Development company Latrobe Magnesium (ASX: LMG) is moving forward with construction of its proposed $54 million magnesium production plant in Victoria’s Latrobe Valley, as part of an agreement signed last year with EnergyAustralia Yallourn Pty Ltd.
In January 2018, Latrobe entered into the four-stage agreement whereby EnergyAustralia would supply industrial ash to the 3000 tonnes per annum plant.
Latrobe has completed two stages and is poised to move onto Stage 3 construction activities by year end, subject to confirmation of ash supply terms and other conditions.
The fourth and final stage will involve expansion of production capacity to 40,000tpa using Yallourn ash from its ash landfill site which will supply extended operations for 10 years.
A recently-completed feasibility study for the magnesium plant estimated a $54m capital cost including design growth and contingencies of $6 million, plus an additional $2 million for working capital over a 20-year life.
The study showed an estimated earnings before interest tax depreciation and amortisation contribution of up to $5.6 million per annum when operating at nameplate capacity.
Chief executive David Paterson said he was “extremely positive” the plant would demonstrate a higher potential EBITDA on the back of a magnesium price jump over the past two years.
Situated on an 11 hectare site in the centre of Victoria’s coal power generation precinct, Latrobe’s magnesium plant will employ a world-first process of combined hydromet and thermal reduction to harvest magnesium metal from industrial fly ash (a waste stream from brown coal power generation).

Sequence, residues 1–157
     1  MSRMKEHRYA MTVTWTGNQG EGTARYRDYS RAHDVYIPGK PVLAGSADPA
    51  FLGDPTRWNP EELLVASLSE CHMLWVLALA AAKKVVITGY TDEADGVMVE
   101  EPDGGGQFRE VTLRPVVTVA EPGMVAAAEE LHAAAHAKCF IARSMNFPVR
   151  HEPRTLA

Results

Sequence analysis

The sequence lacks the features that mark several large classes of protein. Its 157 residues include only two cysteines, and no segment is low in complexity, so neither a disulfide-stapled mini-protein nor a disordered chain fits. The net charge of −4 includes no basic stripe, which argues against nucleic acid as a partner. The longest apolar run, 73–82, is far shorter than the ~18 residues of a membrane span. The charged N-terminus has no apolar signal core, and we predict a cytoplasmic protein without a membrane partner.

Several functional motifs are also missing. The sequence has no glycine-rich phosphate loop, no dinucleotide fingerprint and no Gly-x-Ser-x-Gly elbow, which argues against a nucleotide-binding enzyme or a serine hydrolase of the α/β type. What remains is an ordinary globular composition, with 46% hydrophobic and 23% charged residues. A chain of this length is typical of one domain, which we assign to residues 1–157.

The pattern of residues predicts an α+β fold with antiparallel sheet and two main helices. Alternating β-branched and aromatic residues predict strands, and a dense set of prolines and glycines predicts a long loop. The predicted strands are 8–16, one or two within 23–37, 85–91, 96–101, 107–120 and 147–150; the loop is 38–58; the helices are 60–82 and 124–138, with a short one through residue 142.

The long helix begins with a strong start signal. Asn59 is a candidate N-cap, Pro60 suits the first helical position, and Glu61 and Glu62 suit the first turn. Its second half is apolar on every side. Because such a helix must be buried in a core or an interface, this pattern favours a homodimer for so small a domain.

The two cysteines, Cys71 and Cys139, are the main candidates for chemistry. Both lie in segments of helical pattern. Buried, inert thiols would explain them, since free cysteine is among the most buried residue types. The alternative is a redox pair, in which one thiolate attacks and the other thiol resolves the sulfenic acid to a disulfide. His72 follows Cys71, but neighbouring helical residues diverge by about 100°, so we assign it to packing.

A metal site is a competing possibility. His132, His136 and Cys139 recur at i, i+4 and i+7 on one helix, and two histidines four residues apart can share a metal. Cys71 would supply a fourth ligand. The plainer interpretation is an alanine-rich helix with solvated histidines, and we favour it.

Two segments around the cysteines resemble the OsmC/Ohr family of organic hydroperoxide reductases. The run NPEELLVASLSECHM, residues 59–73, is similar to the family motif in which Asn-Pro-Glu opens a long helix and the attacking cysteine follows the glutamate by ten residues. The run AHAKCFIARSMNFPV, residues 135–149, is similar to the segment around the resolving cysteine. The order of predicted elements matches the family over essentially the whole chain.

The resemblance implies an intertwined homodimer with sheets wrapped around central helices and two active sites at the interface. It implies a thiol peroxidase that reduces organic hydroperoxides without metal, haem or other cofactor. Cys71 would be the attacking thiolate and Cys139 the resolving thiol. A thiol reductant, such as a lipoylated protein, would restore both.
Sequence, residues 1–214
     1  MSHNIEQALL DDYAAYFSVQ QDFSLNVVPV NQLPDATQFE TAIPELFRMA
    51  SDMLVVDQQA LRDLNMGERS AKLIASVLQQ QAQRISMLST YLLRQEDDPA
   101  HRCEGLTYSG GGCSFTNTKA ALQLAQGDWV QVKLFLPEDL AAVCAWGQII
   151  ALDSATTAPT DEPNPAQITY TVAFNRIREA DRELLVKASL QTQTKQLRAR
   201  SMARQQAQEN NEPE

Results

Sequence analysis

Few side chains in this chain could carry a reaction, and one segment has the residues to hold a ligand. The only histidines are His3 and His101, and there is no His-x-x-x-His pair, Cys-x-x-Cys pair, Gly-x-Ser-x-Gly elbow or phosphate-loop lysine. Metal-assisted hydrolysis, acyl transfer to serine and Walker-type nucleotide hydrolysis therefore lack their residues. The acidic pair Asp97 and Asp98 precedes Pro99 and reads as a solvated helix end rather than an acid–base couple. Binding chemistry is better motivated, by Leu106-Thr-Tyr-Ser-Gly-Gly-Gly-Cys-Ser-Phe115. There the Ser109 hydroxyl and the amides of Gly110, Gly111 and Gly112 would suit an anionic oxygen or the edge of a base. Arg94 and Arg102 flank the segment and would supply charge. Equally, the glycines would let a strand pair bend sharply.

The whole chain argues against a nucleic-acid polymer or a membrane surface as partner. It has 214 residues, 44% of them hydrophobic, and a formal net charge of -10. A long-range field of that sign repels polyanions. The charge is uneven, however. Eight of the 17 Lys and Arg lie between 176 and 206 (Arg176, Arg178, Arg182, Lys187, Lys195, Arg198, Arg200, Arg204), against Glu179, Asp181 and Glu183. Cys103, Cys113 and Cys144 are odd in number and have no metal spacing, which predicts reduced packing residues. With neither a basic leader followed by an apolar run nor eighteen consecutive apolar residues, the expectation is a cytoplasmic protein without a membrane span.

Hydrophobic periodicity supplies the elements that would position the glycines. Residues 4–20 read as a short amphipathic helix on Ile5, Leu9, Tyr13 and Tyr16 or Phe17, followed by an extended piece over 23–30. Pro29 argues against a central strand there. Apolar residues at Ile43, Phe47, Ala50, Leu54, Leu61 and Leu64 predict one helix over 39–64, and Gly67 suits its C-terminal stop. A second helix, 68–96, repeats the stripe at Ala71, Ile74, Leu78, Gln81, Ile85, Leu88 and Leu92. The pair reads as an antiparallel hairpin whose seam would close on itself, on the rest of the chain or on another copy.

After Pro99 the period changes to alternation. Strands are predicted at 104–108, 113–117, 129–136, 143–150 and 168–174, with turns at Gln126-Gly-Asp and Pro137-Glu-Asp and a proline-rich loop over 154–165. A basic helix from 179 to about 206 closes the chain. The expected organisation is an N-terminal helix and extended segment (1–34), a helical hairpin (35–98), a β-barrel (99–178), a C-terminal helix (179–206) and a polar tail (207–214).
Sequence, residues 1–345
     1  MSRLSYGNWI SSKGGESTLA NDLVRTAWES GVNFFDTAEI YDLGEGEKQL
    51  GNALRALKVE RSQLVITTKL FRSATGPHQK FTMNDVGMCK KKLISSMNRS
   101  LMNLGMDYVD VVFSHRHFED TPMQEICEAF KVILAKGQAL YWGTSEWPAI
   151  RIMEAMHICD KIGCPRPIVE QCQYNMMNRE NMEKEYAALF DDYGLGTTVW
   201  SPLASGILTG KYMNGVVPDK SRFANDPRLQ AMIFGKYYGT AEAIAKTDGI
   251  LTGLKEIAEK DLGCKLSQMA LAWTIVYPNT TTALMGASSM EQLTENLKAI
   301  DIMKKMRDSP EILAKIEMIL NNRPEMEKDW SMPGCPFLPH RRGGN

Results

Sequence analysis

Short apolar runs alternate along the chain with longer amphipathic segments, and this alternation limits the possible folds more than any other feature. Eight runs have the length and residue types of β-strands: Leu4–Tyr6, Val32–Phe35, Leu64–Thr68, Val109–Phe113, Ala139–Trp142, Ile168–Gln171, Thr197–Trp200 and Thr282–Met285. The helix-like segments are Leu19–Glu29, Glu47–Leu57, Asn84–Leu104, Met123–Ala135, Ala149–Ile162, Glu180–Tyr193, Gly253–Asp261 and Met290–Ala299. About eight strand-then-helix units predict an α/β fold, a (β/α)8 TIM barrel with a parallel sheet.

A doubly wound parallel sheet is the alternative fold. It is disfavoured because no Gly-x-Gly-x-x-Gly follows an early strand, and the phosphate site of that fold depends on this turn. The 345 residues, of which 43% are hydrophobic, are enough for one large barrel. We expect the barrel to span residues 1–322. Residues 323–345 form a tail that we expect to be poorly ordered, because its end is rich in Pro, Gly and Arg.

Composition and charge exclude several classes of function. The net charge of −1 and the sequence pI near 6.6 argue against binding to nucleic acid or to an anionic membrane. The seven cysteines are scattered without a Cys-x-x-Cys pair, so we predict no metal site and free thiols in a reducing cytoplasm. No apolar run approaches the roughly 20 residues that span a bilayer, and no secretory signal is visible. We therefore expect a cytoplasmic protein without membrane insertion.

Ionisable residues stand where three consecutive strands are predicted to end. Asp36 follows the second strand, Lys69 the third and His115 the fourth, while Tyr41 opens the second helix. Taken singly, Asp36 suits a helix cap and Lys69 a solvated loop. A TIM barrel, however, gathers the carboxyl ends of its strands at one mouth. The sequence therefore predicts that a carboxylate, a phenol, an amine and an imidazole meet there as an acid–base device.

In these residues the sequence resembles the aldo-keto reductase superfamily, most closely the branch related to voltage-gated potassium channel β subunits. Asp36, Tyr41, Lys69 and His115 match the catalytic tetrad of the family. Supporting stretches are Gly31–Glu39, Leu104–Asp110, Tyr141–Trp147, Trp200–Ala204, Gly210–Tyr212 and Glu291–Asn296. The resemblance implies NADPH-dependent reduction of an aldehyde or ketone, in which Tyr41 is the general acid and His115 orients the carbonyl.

The first stage is expected to provide up to 75 construction jobs, with another 240 during the expansion phase.
The plant’s location will give Latrobe direct and constant access to feedstock, with first production scheduled for late 2020.
Latrobe has already signed agreements with Japanese and US distributors to sell all of its initial production and a significant part of its 40,000tpa expanded production.
Magnesium is 75% lighter than steel and 33% lighter than aluminium.
It has the best strength-to-weight ratio of all common structural metals, superior dimensional stability and high impact and dent resistance, making it an ideal component in the manufacture of car parts, laptop computers, mobile phones and power tools.
Worldwide demand for magnesium is approximately 1 million tonnes per annum and growing, led by China’s car industry which has previously announced its plans to increase the magnesium content in new vehicles from 8.6 kilograms in 2017 to 45kg by 2030.
Latrobe plans to sell refined magnesium from its plant under long-term contracts to Australian and overseas customers.
Australia currently imports all of the 8,000 tonnes it consumes per year.
Source: Imelda Cotton (smallcaps.com.au)